Mares that are older than 18, or have a history of failing to go in foal or losing pregnancies, are often considered to be difficult breeders and may need special attention.
Problems that mares may have are usually either going in foal, or holding a pregnancy to term and a successful outcome.
Some mares that have failed to go in foal in the past may have poor perineal or uterine conformation, or a damaged endometrium, which lead them to retain fluid and become infected. These mares should be assessed, diagnosed and treated early in the season before insemination, so that a pregnancy can be established.
Other mares may have endocrine abnormalities and will not maintain a pregnancy past the first couple of weeks without appropriate hormone therapy. This condition can usually be diagnosed by careful examination of the ovaries at early preg test coupled with a comprehensive reproductive history.
Mares whose uterus has suffered damage either from many foals, or a single incident of retained membranes or endometritis, may have significant endometrial scarring which will limit their ability to form an adequate placenta. These mares will often appear to have a normal pregnancy, but will abort the foal when it reaches a size that can no longer be supported by the small placenta.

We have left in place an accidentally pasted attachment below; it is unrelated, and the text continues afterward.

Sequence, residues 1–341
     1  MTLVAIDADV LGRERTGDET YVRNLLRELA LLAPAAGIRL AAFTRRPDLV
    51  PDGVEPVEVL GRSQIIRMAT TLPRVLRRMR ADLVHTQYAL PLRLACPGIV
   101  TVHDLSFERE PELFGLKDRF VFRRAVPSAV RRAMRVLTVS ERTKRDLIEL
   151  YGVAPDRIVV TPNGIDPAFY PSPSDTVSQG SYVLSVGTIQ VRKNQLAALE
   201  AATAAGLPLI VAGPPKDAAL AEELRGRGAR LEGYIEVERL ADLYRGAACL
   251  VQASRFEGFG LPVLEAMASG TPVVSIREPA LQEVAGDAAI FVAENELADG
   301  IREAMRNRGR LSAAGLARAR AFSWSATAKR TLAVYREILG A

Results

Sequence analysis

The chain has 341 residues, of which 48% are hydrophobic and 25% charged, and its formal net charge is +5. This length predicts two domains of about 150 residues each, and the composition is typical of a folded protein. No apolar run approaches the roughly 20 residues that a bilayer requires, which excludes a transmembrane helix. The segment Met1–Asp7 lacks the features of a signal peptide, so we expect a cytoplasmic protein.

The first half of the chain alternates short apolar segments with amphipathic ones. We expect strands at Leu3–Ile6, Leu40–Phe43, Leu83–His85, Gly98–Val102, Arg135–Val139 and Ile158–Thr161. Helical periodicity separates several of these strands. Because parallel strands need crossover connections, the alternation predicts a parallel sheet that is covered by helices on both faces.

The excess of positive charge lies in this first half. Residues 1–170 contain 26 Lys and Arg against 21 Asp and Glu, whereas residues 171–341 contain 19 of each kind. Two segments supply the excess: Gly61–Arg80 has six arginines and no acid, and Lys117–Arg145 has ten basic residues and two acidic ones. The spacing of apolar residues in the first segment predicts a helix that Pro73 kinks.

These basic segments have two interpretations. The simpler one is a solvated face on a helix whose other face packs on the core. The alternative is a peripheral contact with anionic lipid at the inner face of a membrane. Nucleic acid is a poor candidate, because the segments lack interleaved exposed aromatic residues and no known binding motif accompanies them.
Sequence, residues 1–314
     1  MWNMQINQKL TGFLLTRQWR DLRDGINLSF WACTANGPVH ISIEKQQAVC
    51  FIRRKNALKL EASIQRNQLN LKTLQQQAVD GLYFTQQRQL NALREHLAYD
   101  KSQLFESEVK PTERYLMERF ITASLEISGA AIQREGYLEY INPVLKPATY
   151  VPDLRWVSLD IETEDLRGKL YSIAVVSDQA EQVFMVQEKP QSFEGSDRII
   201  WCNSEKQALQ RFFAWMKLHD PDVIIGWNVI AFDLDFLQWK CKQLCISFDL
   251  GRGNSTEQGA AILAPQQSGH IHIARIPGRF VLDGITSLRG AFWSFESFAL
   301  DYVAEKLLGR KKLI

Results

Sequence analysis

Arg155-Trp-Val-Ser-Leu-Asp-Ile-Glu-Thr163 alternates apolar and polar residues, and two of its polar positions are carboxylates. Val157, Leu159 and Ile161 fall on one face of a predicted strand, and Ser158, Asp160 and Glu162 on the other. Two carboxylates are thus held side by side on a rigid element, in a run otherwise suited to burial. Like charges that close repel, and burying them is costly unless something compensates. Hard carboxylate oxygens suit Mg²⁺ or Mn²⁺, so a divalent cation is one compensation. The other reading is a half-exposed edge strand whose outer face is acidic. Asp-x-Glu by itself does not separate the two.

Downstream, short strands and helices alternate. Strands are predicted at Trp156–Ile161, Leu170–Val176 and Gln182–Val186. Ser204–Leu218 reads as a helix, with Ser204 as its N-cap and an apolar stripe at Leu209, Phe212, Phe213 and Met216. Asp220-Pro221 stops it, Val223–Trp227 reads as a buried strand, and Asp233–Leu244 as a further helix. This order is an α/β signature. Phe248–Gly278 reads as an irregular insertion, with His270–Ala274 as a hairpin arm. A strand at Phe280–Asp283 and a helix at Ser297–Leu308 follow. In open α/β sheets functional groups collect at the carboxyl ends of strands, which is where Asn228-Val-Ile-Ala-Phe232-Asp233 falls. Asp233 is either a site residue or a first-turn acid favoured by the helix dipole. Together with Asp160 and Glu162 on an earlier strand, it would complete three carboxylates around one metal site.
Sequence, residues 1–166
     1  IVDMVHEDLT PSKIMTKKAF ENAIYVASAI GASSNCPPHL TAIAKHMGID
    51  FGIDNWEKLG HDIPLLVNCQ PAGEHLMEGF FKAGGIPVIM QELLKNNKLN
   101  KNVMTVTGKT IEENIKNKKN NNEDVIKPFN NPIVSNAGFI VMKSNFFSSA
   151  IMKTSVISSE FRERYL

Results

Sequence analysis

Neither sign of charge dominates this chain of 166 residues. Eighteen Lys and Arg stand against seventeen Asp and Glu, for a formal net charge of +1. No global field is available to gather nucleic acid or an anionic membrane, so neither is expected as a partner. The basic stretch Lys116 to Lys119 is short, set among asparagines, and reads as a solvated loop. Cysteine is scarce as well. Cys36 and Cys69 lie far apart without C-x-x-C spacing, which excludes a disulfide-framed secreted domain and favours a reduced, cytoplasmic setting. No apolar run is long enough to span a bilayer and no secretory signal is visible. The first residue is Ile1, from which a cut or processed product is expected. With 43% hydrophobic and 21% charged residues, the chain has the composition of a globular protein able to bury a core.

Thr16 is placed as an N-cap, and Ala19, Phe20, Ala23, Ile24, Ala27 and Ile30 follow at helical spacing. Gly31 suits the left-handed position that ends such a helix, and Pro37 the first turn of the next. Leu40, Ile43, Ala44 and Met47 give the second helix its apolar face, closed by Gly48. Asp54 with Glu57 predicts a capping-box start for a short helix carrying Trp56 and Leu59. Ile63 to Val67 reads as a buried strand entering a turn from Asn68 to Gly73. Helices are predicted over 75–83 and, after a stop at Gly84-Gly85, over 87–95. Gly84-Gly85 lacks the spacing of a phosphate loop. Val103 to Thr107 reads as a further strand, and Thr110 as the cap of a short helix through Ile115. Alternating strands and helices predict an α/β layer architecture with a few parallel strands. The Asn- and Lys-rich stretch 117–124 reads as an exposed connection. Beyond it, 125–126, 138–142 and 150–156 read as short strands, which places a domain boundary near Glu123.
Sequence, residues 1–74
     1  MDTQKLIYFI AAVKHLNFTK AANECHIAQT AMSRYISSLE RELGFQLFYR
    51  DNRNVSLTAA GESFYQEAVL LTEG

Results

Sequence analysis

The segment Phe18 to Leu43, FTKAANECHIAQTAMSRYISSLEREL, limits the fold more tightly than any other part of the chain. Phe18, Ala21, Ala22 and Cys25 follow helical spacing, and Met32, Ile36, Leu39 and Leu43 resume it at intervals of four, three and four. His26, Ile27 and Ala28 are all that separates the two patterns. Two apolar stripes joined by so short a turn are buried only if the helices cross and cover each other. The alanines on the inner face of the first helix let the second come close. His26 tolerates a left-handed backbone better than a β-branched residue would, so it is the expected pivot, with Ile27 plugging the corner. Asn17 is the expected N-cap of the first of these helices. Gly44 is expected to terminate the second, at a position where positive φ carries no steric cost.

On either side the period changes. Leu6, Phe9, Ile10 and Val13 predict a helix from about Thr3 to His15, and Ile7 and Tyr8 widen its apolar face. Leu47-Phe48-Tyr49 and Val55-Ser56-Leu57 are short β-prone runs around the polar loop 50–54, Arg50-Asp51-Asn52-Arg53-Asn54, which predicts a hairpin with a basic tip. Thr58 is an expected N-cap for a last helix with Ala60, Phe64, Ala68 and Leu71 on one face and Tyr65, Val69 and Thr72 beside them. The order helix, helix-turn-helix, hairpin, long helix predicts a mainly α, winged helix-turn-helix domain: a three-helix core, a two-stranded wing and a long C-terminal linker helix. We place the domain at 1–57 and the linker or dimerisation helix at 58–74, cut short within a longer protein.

Such scarring can be detected by an endometrial biopsy, and the mares are ideal candidates for embryo transfer.
Maiden mares, especially those recently retired from racing, may be hard to get in foal in their first season at stud and are also more likely to reabsorb a pregnancy during the winter. Patience is required with these mares, who will often go on and have a successful career at stud.
There are many other less common problems such as ruptured pre-pubic tendon, placental detatchment, mis-shapen teats or udder, dependent oedema, pre-foaling colic, damaged cervix, lactational anoestrus, etc etc which with careful management can be circumvented to result in a healthy foal each season.